The Custocy solution has a hidden advantage, however. We monitor in real-time flows in the networks we protect. Let’s say we look closely at conversations between computers. But we also monitor the change in behaviour of the neural networks over time. In the case of a DGA attack, a malicious conversation could escape the attention of our neural networks, which would then tell us, “I’m not sure, but I don’t think this domain name is fake”. The stream would then escape our surveillance. However, if, after a few thousand exchanges over a few minutes, our neural network comes up with low and uncertain scores several times in a row, our solution would be smart enough to observe this behaviour change. Another algorithm, located at a higher level of our solution, detects this drop in neural network performance— a sort of “chief algorithm” that immediately raises the alarm.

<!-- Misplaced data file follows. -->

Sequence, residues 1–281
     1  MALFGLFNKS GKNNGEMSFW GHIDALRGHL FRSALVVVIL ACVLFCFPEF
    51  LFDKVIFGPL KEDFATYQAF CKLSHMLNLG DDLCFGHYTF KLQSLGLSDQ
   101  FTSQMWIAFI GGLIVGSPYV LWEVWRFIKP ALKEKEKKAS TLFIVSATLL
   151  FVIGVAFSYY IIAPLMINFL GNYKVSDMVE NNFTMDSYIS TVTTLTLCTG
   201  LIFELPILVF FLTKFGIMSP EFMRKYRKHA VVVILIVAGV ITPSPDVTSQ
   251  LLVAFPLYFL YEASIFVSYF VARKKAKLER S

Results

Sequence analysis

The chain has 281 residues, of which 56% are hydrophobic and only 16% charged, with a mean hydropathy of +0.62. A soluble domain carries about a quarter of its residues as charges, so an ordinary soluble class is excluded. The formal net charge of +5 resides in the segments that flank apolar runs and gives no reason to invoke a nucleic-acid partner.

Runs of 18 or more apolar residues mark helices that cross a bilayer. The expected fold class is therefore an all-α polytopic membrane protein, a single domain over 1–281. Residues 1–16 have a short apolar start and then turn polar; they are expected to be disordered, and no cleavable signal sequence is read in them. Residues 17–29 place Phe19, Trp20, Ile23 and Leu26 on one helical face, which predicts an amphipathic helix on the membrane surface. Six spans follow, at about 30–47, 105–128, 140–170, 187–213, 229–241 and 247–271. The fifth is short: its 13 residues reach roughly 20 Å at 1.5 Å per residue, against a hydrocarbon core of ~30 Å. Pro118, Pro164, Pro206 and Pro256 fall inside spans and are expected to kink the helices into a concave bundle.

In short, we detect attacks thanks to our artificial intelligence algorithms, but also by observing changes in their behaviour. This dual approach allows us to filter out more threats without creating more alerts for your teams since the entire process of detection, monitoring and correction of these results are done within the Custocy Engine.

 

*Neural networks use numbers and not letters to train themselves, but we can easily convert letters of the alphabet into numerical values thanks to a technique called tokenization and “word embedding”.